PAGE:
Thune: new ad running in S.D. college papers is inaccurate

Jeremy Fugleberg

Jeremy Fugleberg

U.S. Senate republican candidate John Thune is disputing a new ad that his challenger Sen. Tom Daschle, D-S.D., is running in college newspapers saying Thune voted against financial aid for college students during his time in the U.S. House.

The ad features a blurry photo of Thune and says he voted against Pell grants, Hope credits and $1,500 tax credits for education. Thune served three terms in Congress from 1997 to 2003.

In an interview Oct. 21, Thune dismissed the charges as more negative advertising by the Daschle campaign and said he has supported college financial aid.

“We take credit for [Hope credits] on the material we send out,” Thune said. “They’re obviously pulling stuff out of context, which is a complete distortion.”

Daschle’s charge is meant to hit home to college students, since over 86 percent of South Dakota college students use some form of financial aid. The same percentage of SDSU students gets federal aid according to the SDSU Web site.

The ad criticizing Thune is currently running in student newspapers at SDSU, the University of South Dakota and Northern State University.

Daschle has accused Thune of voting against students before in televised debates. And in an Oct. 14 rally to supporters at SDSU, Daschle said school funding needed more attention.

“Every single student ought to have access to student loans and student grants,” he said. “That’s not happening today, and we shouldn’t be satisfied.”

In an e-mail response, Thune says the only reason that’s not happening is because Daschle hasn’t gotten anything done for students.

“Senator Daschle has been in office for 26 years and has done nothing but talk about the issues that matter to students,” he said.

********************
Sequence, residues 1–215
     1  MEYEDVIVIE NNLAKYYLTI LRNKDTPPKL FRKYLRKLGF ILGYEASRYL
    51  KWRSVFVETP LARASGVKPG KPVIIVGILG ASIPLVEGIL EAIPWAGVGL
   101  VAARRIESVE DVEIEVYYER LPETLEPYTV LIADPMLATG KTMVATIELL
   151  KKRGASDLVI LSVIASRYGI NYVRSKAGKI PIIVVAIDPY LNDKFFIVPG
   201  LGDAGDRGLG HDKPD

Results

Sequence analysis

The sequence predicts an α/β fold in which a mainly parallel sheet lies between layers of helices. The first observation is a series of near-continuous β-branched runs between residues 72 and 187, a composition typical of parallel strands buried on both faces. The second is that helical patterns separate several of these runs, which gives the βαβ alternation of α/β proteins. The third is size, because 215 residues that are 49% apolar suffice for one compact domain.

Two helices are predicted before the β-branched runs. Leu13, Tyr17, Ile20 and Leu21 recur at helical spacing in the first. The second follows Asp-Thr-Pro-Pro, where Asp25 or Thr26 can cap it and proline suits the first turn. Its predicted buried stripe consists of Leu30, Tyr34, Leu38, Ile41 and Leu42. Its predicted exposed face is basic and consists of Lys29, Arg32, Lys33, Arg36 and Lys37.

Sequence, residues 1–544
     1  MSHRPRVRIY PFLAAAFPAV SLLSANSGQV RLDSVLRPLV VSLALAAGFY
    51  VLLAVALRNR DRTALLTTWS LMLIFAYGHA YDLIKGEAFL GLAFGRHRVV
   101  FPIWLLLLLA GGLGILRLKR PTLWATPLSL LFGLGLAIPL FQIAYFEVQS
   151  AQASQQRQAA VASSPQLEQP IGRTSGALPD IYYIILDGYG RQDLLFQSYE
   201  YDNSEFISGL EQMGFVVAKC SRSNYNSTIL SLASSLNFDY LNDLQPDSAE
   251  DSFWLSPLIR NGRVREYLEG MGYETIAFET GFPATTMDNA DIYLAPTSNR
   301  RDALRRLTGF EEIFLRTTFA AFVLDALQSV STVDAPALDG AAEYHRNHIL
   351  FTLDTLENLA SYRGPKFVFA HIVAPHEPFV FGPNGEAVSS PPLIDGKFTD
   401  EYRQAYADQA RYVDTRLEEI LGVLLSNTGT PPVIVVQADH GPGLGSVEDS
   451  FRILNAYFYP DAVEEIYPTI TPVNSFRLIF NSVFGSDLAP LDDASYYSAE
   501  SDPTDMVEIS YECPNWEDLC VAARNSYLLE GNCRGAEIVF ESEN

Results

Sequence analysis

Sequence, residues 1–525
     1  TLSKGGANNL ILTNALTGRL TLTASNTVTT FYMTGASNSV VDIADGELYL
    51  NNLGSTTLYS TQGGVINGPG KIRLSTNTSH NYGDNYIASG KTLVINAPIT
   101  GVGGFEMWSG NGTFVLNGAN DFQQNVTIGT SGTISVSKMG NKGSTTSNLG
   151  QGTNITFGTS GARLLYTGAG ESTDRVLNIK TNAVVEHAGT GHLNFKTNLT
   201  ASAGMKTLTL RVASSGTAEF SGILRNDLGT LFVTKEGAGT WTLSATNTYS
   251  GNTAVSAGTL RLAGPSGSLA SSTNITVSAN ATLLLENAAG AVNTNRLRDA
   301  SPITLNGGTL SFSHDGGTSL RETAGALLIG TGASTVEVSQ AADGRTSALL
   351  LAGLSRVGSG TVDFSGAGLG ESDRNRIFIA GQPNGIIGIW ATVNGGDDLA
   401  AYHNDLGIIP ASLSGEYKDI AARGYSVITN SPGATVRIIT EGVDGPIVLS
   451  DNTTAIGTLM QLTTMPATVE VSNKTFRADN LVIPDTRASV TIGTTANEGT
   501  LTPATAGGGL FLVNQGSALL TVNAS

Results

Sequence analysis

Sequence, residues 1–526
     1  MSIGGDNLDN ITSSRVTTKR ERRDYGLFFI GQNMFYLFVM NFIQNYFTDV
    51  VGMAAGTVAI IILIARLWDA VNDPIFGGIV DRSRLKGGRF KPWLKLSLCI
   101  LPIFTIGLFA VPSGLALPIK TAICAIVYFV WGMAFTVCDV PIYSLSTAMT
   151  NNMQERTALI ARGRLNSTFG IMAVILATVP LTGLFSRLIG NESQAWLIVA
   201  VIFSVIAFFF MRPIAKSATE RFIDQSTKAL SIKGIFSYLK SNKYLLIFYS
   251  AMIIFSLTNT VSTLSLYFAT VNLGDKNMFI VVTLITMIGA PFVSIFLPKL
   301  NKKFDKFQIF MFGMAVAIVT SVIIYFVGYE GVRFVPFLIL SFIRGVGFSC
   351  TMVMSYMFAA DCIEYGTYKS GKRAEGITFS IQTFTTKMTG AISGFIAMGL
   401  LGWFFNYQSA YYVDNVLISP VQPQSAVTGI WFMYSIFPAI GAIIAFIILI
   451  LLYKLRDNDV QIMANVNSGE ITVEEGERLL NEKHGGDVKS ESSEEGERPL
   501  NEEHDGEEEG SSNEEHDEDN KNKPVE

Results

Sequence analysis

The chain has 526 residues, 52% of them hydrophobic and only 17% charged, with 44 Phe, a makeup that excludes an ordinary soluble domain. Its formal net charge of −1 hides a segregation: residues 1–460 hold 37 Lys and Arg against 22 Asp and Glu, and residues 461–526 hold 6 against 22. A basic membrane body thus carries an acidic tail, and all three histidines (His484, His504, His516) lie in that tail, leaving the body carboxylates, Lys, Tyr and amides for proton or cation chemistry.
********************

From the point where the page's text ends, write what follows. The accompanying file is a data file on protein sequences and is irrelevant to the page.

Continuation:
Not true, said Daschle’s campaign managers. In an e-mailed statement they list a litany of accomplishments by their candidate.

The accuracy of the ad hinges on the Thune votes, but which votes should actually count is the bigger issue. While a bill has just one yes-or-no vote, there are many votes that make slight changes to a bill. Many votes on a bill are simply procedural. Some are votes against clearly partisan changes.

The ad lists three Thune votes as being against Pell grants, a form of federal student aid. But only one of the three listed is a true pass/fail vote-for the 2003 budget resolution. The ad includes that vote as a vote against Pell grants, yet Thune voted for the resolution, and it passed.

“Going into a long list of votes on amend doesn’t shed a lot of light” on how a candidate feels, said Bob Burns, SDSU political science professor. He said he wasn’t aware of Thune’s voting record on financial aid or the ad specifics, but there are plenty of votes that go into a final decision on a bill.

“The legislative process is very complex and there are many votes taken on friendly and unfriendly amendments in the course of lawmaking,” Burns said.

Some amendments are basic and uncontested, others are in line with the bill’s intention, he said.

“Others are not germane and are meant to distract attention from the key issue,” he said.

In an e-mailed statement, Daschle campaign managers said the resolution vote was included because it didn’t raise Pell grants, as had happened in previous years. But Thune insists he supports bigger Pell grants.

“Pell grants, when I came to Congress, were $3,000 per student,” Thune said. “When I left Congress it was about $4,000 per student and the goal is to get it up to $5,000.”